arrogant and ignorant assumption that people do not understand or know what you think you know, is simply amazing. I don't know who you associate with, but I can assure you that most of the people I know are very informed about their government and how it works, including teenagers. So get off your high horse. Your nonsensical suppositions about the American people are downright insulting. Maybe you need to get out more. I know people in their late teens and early 20s who would wipe the floor with you on the issue of this government and how it works.

Still haven't answered my questions, but that's par for the course with you.

The Feds are nervous, they are under pressure, they are hiding things from Congress. They have had to be forced to produce information that the American people were and are entitled to, such as WHO, WHICH BANKS or other entities received TARP money, and only because they were forced did we find out some pretty disturbing things. Do YOU know what has been discovered so far? The sheer nerve of Geithner, eg, to decide that the American had not right to that information. Maybe that would give you a clue as to why Congress now wants more transparency.

You seem woefully ignorant of what is at the bottom of all this. But since you spend most of your time on trivia that has no bearing on anything of importance, that is not surprising.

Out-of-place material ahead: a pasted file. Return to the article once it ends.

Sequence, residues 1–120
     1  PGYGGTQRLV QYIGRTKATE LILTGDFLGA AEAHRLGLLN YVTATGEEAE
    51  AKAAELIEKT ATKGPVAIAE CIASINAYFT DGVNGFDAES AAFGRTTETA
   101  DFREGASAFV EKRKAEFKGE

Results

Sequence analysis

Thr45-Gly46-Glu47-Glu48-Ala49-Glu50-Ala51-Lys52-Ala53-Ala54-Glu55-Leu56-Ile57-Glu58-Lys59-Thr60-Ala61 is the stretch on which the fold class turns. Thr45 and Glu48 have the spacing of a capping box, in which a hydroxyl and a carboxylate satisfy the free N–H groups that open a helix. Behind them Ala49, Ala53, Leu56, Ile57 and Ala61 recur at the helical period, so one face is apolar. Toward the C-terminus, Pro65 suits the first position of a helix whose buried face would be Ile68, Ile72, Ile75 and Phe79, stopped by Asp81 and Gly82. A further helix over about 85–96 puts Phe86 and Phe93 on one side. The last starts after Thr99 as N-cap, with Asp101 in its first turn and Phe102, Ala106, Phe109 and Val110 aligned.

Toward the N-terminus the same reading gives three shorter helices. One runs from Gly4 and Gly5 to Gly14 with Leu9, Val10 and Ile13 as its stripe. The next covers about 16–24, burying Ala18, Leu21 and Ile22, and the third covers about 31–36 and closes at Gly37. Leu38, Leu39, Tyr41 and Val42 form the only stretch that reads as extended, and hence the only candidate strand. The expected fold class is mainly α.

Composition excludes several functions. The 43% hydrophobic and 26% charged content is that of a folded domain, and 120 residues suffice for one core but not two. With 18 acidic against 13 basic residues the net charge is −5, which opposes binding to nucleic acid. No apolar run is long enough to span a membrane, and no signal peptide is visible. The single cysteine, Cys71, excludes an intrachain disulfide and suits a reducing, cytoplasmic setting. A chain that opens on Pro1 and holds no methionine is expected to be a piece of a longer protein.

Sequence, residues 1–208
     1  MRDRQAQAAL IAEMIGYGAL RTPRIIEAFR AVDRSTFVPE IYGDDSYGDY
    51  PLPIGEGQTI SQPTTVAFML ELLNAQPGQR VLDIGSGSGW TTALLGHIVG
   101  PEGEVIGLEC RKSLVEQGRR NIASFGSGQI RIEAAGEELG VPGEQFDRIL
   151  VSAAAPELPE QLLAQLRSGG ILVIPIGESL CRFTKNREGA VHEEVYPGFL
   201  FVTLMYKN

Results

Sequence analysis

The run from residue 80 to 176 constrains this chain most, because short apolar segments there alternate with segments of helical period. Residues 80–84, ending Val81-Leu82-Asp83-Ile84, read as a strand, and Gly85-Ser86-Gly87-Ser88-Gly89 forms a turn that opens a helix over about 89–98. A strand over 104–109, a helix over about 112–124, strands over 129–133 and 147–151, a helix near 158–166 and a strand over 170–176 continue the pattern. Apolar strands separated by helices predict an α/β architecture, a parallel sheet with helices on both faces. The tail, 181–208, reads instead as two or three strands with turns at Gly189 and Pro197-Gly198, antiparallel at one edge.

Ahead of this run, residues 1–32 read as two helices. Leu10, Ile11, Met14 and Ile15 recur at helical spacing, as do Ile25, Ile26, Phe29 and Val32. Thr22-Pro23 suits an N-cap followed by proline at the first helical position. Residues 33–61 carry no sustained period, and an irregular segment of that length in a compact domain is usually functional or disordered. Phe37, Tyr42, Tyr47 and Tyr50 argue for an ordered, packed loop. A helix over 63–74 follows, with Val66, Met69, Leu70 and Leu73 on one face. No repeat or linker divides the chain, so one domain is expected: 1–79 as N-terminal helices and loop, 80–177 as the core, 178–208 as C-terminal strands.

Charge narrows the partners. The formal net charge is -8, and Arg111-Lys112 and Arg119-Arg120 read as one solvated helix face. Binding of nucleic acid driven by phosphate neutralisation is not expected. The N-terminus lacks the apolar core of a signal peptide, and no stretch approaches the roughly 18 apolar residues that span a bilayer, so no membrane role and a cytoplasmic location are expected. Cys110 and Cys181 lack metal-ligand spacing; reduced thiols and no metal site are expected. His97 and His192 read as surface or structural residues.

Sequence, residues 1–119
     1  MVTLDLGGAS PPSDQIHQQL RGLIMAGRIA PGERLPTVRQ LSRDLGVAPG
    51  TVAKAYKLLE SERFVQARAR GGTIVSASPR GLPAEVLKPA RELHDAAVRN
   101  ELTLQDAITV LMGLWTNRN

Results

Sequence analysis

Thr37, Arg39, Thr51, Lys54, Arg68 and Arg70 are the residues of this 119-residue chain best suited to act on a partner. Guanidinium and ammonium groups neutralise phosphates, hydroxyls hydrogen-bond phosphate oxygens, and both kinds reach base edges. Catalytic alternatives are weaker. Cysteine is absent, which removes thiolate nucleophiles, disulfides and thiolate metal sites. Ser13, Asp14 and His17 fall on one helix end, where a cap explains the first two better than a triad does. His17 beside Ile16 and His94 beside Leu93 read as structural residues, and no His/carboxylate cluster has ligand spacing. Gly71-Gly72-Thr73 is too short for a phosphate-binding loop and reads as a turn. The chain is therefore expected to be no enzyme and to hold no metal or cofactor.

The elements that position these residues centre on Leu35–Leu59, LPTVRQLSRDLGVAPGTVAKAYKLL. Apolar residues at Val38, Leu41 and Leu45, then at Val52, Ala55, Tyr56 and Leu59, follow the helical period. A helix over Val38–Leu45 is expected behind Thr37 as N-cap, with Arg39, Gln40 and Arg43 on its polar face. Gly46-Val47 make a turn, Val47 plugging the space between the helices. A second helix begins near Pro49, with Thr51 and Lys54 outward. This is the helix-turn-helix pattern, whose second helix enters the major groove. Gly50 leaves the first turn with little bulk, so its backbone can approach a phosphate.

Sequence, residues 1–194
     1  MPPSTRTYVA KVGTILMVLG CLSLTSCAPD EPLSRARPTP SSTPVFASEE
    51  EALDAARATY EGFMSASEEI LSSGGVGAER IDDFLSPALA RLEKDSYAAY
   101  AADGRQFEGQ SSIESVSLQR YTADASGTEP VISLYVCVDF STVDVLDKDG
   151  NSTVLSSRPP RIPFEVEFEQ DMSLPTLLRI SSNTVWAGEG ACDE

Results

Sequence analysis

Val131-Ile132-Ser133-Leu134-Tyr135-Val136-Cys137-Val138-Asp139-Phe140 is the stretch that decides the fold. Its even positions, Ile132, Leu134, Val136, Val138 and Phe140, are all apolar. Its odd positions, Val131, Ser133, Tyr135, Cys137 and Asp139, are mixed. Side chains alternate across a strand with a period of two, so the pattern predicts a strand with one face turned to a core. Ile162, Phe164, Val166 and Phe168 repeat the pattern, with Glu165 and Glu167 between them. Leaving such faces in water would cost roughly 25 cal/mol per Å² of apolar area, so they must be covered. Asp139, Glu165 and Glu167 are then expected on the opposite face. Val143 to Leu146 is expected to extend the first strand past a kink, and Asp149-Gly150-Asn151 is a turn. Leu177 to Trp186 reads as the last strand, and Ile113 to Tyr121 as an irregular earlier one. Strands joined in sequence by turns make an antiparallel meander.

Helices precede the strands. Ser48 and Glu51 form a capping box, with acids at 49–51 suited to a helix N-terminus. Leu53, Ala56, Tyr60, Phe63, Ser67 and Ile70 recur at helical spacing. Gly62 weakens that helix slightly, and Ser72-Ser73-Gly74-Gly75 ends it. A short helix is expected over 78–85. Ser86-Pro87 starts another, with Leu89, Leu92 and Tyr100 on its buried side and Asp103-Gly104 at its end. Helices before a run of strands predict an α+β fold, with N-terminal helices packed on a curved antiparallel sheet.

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SDuderstadt Donating Member (1000+ posts) Send PM | Profile | Ignore Fri Jul-01-11 05:48 AM
Response to Reply #202
206. Sabrina...
Edited on Fri Jul-01-11 05:49 AM by SDuderstadt
TARP was not administered by the Fed. It was administered by the Treasury Department.

Duh.
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sabrina 1 Donating Member (1000+ posts) Send PM | Profile | Ignore Fri Jul-01-11 06:02 AM
Response to Reply #206
214. Geithner and Bernanke, Treasury and the Fed Reserve
both have been fiercely trying to hide information from Congress. These two have been given the trust of the American people and on their watch, this country's economy was destroyed. It was only because they were forced to do so, that the information that has been revealed was revealed. The point I made was that without pressure, Geithner would never have revealed what was revealed. Congress knows that now, and should not have made it necessary for outside entities to have applied that pressure. NOW, maybe they are attempting to do the job they should have done with Treasury, by applying pressure themselves to the Fed. Reserve. Get it now?

Or, maybe they do not want someone else to do it who might not be as concerned about protecting them at all.
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SDuderstadt Donating Member (1000+ posts) Send PM | Profile | Ignore Fri Jul-01-11 06:04 AM
Response to Reply #214
216. WTF?
The economy was destroyed on Geithner's predecessor's watch.